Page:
This excursion will take you to both Central and Southern Jordan. You will receive customized Arabic lessons in a field-based setting; lessons focus on the sites and communities you visit, and you will enjoy highly interactive conversations about the places you experience. You will be engaged in Arabic practice from the time you leave Amman until your return; this includes language practice during periods of travel.
The program includes an excursion to the United Arab Emirates (UAE). On this excursion, you will visit four out of seven emirates (Dubai, Abu Dhabi, Al Shariqah, and Ajman). The UAE offers a unique blend of traditional culture and customs and modern lifestyle. The UAE has emerged as a leading economic, political, and cultural power in the region, and many countries in the Middle East look to the UAE modernization paradigm as an important model. In UAE, you will learn about the history of the Emirates, the expat work force, and how the UAE is keeping its cultural, Islamic, and traditional lifestyle along with living a modern life. You will meet with peers from New York University in Abu Dhabi, the American University in Dubai, Dubai Heritage Village, Mamsha Al Jumaira, Dubai Boulevard (Khalifah Tower, the Fountain, and Dubai Mall), Emirates Palace, Shiekh Zayed Mosque, Abu Dhabi Corniche, H. H. Prince Dr. Abdul Aziz Al Nuaimi of Ajman Emirate, Arab Peninsula Animals Center, Sharjah Islamic Arts Museum, Al Qasba Canal, and many other sites where you can observe modernization and social change themes in the UAE.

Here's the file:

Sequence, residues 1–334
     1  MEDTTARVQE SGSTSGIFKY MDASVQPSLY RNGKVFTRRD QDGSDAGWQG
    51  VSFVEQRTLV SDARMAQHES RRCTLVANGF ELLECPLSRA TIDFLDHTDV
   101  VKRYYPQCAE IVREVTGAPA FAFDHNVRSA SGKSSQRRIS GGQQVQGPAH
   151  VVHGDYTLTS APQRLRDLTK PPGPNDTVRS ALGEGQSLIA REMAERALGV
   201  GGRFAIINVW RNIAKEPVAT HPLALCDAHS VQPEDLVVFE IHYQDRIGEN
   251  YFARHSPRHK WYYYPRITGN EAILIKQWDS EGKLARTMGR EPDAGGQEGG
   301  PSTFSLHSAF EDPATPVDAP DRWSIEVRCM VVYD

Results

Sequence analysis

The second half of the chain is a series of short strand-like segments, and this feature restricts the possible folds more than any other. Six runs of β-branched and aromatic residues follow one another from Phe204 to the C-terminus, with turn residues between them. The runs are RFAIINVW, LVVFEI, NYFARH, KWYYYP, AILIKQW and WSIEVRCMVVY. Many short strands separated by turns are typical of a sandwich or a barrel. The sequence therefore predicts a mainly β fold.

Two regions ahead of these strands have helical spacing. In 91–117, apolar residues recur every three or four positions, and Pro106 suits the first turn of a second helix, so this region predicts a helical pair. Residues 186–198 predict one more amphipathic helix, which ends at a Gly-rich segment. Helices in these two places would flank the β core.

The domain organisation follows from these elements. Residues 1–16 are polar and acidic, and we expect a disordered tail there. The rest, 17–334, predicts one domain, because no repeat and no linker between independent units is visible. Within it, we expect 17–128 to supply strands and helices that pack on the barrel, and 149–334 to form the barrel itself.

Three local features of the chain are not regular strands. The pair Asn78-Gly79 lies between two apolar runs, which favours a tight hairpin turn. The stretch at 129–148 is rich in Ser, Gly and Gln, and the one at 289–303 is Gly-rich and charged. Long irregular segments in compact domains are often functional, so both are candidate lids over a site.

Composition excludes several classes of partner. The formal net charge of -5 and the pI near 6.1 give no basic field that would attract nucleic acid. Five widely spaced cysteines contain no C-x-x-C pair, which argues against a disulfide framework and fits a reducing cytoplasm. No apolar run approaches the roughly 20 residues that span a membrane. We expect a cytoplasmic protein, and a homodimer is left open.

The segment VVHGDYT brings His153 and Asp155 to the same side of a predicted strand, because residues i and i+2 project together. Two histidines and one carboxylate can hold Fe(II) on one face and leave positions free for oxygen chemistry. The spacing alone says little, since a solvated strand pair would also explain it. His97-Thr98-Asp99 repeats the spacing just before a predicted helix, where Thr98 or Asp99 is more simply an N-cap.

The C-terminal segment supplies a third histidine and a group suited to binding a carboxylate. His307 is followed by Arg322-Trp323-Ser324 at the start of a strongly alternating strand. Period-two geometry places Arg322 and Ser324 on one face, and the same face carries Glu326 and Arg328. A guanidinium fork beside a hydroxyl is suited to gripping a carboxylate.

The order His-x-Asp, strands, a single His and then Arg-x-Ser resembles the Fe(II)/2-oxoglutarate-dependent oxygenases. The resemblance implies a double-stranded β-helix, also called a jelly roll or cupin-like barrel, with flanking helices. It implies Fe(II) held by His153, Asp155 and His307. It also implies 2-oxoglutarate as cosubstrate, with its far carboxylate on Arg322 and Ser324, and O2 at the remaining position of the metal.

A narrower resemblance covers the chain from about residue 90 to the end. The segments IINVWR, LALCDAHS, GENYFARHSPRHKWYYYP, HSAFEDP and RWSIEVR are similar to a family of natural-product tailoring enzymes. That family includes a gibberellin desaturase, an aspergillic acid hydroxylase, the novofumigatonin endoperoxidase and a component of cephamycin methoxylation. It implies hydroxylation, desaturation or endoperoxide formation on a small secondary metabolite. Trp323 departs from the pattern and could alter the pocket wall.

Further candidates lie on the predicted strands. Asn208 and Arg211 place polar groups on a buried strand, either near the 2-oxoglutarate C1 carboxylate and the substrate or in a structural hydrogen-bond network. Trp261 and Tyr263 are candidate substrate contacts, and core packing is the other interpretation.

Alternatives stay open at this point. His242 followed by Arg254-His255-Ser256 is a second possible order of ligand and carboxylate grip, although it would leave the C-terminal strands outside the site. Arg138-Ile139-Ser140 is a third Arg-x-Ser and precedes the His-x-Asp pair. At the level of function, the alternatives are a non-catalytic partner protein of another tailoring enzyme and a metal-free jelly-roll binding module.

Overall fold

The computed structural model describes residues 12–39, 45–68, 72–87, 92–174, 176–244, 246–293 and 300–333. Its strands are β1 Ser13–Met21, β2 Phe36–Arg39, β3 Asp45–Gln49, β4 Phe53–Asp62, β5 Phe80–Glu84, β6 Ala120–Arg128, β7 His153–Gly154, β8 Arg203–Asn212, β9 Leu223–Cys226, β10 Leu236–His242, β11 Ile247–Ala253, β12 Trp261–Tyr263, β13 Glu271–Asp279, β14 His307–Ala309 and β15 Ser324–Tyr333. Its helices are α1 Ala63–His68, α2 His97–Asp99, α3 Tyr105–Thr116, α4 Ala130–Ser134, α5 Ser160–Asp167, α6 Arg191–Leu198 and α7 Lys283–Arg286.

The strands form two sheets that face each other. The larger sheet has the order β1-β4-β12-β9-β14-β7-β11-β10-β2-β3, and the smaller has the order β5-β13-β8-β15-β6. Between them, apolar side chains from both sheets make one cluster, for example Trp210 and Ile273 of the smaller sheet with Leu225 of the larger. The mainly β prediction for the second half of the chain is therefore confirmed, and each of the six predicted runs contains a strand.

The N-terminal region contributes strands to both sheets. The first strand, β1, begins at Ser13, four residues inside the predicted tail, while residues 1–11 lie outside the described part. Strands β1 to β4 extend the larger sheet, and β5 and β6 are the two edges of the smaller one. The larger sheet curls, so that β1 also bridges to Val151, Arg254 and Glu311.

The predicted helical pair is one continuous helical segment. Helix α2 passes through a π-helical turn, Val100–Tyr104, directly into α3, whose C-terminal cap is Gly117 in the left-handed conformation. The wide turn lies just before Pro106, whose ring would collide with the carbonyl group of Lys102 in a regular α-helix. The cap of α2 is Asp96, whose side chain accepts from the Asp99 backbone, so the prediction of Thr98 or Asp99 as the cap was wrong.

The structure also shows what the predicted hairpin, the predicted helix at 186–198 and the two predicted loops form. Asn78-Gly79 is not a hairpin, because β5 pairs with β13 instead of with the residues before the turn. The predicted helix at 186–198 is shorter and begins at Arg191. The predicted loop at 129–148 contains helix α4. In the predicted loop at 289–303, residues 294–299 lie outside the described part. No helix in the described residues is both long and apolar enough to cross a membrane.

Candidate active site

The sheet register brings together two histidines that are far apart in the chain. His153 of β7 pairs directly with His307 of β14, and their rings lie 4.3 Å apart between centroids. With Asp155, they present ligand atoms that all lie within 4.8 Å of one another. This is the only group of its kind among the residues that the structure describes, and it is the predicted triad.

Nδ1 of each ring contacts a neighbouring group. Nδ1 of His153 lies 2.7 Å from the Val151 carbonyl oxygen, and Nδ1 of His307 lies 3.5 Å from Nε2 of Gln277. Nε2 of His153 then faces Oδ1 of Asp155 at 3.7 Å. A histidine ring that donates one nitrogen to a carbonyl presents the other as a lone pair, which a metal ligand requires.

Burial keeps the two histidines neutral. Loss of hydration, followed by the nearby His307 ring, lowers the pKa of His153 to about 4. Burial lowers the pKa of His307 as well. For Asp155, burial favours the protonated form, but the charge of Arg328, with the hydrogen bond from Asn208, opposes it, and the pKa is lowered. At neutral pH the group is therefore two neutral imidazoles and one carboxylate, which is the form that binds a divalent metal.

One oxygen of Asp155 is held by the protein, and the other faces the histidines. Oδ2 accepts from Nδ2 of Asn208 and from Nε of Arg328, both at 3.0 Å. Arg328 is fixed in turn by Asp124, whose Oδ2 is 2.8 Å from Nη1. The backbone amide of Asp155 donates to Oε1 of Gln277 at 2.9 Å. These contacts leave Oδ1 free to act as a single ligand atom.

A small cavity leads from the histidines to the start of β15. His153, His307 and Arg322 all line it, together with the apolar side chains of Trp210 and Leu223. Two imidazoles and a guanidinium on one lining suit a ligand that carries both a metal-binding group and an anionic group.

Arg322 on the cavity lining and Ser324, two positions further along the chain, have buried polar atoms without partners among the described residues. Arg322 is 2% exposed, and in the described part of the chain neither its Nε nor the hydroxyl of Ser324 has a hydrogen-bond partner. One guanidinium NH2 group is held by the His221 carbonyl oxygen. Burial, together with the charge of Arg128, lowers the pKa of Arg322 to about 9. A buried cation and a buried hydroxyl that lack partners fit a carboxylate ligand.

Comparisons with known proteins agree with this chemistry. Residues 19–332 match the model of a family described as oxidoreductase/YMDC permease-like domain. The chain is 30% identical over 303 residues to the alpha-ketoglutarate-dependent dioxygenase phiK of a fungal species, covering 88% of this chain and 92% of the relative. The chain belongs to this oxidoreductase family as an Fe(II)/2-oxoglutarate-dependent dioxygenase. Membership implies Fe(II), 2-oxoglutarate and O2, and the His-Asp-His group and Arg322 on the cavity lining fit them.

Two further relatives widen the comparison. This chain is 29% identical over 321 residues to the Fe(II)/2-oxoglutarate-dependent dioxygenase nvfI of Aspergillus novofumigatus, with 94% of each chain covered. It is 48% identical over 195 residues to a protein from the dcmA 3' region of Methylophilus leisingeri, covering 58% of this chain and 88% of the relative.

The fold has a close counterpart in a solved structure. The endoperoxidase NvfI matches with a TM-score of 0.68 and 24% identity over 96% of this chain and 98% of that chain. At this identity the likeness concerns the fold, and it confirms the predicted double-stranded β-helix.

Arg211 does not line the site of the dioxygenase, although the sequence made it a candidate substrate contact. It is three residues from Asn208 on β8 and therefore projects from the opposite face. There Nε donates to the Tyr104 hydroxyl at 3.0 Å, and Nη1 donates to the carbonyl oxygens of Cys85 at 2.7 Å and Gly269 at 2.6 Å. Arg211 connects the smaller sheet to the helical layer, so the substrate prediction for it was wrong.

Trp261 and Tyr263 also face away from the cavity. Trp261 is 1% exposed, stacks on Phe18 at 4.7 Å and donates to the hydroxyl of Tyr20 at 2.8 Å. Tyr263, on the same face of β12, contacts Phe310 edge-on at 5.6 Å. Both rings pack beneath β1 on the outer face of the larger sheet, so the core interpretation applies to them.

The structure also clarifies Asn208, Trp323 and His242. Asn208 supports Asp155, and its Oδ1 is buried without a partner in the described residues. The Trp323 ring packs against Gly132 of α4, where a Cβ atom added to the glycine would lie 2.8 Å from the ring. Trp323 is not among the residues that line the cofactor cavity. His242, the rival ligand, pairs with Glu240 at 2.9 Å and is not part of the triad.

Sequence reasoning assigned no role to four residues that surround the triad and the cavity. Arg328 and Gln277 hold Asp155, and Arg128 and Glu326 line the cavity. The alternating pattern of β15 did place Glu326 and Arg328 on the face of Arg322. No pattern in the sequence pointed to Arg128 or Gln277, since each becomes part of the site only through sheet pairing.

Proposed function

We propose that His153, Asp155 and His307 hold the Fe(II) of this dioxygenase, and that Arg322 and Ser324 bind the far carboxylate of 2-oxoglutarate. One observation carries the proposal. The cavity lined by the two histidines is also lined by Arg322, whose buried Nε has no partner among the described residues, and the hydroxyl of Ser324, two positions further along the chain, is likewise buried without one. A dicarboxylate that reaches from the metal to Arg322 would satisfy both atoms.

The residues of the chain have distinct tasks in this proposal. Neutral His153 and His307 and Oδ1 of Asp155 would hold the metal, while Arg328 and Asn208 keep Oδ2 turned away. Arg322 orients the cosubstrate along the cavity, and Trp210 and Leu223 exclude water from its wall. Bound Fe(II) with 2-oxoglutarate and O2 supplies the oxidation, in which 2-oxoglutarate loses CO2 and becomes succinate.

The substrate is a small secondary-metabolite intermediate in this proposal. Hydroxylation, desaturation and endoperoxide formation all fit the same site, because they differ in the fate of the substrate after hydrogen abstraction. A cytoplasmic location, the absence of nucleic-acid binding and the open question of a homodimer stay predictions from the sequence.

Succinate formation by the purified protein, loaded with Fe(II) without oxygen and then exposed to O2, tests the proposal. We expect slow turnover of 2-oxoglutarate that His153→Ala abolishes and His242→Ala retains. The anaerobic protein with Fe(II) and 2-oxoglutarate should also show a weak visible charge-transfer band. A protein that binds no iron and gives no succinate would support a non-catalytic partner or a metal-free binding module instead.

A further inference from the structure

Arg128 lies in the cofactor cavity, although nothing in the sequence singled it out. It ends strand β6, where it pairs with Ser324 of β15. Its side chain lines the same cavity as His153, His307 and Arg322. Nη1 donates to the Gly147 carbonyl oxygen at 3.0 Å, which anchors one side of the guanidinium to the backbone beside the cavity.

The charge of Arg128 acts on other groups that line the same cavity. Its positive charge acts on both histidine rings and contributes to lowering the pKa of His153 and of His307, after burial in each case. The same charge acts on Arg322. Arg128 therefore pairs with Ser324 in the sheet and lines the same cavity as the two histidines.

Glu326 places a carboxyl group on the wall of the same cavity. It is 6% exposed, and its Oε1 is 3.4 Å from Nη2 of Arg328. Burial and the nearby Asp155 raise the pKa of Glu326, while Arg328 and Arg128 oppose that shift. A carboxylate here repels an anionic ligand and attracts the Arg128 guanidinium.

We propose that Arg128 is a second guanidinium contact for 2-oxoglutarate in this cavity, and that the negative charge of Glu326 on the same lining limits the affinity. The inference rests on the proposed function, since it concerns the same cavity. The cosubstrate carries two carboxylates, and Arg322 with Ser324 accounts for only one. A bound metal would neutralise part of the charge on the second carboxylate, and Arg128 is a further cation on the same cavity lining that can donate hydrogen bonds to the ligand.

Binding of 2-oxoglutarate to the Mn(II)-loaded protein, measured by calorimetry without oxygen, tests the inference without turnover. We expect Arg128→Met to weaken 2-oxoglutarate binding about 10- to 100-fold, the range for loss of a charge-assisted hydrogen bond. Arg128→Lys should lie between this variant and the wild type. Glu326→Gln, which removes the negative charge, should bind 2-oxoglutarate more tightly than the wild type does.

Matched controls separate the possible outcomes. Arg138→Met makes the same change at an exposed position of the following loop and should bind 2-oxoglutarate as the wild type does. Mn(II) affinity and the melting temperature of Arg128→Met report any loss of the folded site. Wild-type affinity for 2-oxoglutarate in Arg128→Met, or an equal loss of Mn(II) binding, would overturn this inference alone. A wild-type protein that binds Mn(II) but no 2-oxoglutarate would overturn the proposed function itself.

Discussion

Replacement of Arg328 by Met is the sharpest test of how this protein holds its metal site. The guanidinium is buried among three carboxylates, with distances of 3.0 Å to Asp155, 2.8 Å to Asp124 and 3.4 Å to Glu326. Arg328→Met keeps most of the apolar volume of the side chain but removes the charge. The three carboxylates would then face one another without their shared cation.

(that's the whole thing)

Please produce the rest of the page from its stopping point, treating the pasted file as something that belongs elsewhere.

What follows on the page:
You will write a comparative essay on the UAE and Jordan in which you will analyze aspects of cultural, economic, or political life in both countries while documenting ways in which the excursion has contributed to your understanding of the dynamics in the Middle East.
What sets this program apart is the attention and support given to each one of us. The SIT staff has been unbelievable in meeting my personal and emotional needs. All of the SIT staff contributed greatly to my experience and I hope to come back to Jordan to visit. Through SIT I really got to see the beautiful culture and traditions of Jordan.